Source / Disclosures
Peters did not disclose the relevant financial disclosures. Please see the financial disclosure study of all other authors.
Many health facilities around the world do not have good environmental hygiene practices, a study found.
“After seeing the state of environmental health in healthcare (HEH) internationally, our team wanted to come up with a tool that could help healthcare facilities improve, regardless of their level of resources.” Alexandra Peters, Ph.D, scientific director of the infection control program Clean Hospitals and the WHO Center for Cooperation in Patient Safety, told Healio. “The pilot study was the first step in developing this tool.”
The study was developed by a group of experts and is based on the WHO’s strategy to improve multimodal hand hygiene, which includes five objectives, including ensuring that the necessary infrastructure is in place to allow health professionals to practice hand hygiene, providing regular training , monitoring hand hygiene practices and infrastructure, and providing feedback on performance and results.
The main objective of the study was to test a preliminary version of the HEH self-assessment framework. Researchers use it to collect data on HEH programs around the world. They sent the study to 743 health facilities (HCF) from all income levels of the World Bank.
A total of 51 HCFs from 35 countries participated, of which 98% reported that HEH was missing in some or all of the five components of the WHO strategy.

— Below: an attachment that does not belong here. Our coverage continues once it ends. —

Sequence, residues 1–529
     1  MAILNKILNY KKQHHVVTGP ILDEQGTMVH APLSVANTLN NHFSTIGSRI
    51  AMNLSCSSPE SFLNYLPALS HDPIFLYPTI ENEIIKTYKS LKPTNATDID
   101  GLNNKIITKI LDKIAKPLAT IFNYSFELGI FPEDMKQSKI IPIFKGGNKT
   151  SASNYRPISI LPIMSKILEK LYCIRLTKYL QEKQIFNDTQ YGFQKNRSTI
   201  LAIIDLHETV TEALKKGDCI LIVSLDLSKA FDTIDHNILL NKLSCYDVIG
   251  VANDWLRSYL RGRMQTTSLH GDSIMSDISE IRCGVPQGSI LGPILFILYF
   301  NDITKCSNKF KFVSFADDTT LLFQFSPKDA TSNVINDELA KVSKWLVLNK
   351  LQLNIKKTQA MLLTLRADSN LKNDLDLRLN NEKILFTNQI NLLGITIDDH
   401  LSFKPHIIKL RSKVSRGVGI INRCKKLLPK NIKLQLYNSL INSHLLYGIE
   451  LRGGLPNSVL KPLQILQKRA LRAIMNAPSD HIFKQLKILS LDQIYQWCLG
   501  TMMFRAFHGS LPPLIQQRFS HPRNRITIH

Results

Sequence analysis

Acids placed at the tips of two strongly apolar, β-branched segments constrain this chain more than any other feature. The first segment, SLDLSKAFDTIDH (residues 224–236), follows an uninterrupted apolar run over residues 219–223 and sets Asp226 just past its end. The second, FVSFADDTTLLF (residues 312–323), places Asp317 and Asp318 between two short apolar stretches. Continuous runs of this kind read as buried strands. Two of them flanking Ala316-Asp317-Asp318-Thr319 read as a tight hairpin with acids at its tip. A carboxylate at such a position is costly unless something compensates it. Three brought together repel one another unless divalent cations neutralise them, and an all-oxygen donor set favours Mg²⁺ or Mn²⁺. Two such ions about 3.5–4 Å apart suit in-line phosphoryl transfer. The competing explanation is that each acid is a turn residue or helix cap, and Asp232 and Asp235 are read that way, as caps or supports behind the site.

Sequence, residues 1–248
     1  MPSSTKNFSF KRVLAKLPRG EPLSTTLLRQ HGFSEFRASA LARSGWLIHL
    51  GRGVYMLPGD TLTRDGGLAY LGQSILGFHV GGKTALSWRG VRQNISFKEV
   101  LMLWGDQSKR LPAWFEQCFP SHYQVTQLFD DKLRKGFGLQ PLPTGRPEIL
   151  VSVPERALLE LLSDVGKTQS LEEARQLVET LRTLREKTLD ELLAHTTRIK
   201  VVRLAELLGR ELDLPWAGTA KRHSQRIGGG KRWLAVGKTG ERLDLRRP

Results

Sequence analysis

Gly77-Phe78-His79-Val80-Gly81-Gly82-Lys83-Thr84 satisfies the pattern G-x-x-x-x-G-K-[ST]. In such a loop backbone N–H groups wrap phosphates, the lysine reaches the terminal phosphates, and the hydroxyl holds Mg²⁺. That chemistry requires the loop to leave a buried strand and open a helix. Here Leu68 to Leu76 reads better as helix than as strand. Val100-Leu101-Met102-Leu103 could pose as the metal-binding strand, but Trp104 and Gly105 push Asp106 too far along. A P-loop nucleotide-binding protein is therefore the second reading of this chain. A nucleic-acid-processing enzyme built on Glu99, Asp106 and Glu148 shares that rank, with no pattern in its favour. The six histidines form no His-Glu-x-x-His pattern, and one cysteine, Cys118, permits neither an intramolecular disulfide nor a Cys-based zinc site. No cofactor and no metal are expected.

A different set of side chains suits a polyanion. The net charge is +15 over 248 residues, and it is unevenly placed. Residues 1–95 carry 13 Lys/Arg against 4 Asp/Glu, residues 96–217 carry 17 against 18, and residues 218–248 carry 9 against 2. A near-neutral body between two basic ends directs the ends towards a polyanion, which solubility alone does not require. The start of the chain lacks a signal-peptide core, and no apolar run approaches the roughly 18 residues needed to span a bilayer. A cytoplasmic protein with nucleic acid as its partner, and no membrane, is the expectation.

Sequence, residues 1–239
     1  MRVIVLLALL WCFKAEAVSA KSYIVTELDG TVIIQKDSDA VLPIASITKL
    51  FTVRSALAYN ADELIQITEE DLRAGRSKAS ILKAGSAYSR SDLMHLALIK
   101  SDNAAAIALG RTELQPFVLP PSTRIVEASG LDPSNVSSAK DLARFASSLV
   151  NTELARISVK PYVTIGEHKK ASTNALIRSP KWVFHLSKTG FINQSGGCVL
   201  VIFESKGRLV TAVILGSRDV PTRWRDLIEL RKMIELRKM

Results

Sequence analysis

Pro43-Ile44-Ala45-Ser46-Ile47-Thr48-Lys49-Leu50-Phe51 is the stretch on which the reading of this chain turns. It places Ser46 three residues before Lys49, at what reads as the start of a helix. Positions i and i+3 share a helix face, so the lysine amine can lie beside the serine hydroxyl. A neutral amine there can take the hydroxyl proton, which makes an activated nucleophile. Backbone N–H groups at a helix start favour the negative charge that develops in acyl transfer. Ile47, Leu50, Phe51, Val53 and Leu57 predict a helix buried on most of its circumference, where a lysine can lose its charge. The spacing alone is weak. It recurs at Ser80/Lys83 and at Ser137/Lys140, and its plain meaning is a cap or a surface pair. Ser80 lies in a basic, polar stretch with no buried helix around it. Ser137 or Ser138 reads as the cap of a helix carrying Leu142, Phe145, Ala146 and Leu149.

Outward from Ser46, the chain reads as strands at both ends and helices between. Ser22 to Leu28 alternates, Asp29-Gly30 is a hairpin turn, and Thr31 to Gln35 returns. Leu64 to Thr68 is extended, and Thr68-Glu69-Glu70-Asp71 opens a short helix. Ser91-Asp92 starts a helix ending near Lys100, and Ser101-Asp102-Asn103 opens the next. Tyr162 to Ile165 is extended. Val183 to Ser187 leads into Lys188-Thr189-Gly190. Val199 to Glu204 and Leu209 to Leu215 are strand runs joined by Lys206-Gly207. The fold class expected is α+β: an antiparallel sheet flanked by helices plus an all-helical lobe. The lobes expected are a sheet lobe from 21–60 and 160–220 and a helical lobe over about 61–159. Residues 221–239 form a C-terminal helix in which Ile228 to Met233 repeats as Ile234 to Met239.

In addition, 71% of respondents believe that their facility attaches sufficient importance to HEH, and 47% believe that the budget allocated for cleaning and disinfection is adequate. Other findings include that 67% of HCFs report that HEH products and consumables are always available, while 27% say they are sometimes available and 6% say they are never or rarely available. Among the 90% of HCFs who report that HEH equipment and supplies are available, 16% are still unable to perform adequate sterilization because the equipment is not in good working order.
Other survey results show that only more than 50% of HCFs report that their protocols are based on best practices and are updated regularly, and that only 22% of HCFs provide or require – if staff have been outsourced – comprehensive formal training. for HEH when hiring. In addition, 28% did not provide or did not require formal training at all.
Peters said the data showed that HEH programs were “shockingly lacking around the world” even in rich countries.
“HEH is not only a technical problem, but also a human one,” she said. “Cleaning staff have a very important role to play in patient safety. Institutions need to train and support human components as well as technical ones. ”
APIC. A new study illustrates the challenges of environmental health care in facilities around the world. https://apic.org/news/new-survey-illustrates-challenges-associated-with-healthcare-environmental-hygiene-in-facilities-worldwide/. Accessed June 2, 2022.
WHO. A guide to implementing the WHO multimodal hand hygiene strategy. https://www.who.int/publications/i/item/a-guide-to-the-implementation-of-the-who-multimodal-hand-hygiene-improvement-strategy. Accessed June 2, 2022.